Georgia has a very, very clear public policy regarding wills - the courts want to uphold a will unless they're sure they shouldn't. This is because one of the basic concepts of property law is that a person should be able to decide what happens to his or her property when they die.
I'm frequently asked by parents who pay child support if they can demand an accounting from their ex of how exactly the child support money is being spent, as they don't believe it's going to the children (but rather a car, house, etc). This idea is the basis of the song "Gold Digger".
At the end of a long, drawn out legal battle, the judge will enter a final judgment. So, how final is that?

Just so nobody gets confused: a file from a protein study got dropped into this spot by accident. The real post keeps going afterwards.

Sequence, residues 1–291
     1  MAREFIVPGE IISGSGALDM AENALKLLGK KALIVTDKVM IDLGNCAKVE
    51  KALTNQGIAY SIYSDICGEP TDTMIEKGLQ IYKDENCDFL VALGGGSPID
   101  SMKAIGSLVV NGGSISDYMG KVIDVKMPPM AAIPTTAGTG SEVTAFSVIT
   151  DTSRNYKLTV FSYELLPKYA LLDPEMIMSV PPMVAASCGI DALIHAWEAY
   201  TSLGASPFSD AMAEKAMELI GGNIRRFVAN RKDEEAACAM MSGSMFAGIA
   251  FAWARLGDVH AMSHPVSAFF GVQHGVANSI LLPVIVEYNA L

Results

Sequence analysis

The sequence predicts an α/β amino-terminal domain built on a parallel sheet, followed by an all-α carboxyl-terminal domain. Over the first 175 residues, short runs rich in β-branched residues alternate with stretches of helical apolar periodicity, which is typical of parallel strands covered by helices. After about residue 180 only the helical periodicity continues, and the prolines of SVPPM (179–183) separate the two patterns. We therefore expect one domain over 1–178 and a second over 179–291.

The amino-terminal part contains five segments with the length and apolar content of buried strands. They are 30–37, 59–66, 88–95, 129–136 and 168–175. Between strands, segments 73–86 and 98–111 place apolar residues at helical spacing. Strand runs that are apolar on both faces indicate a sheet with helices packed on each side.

Most family law judgments - whether final or temporary - can be appealed.
When child support is ordered, either after a hearing or by agreement of the parties, is has to be paid. But often, people are unaware of how this is enforced. There are a few ways.
At the end of the most recent legislative session, a new bill was passed adopting a new system for powers of attorney. The new law goes into effect July 1, 2017. There are two major implications to the change.
There are two issues surrounding where a case will be filed - jurisdiction and venue. There is a course in law school dedicated almost entirely to these issues (civil procedure), so unfortunately I can't give a comprehensive answer to the question that suits every situation. The general rule is that cases must be filed in the state and county where the person you're filing against lives, but divorce and family law have more exceptions to that rule than probably any other area of law.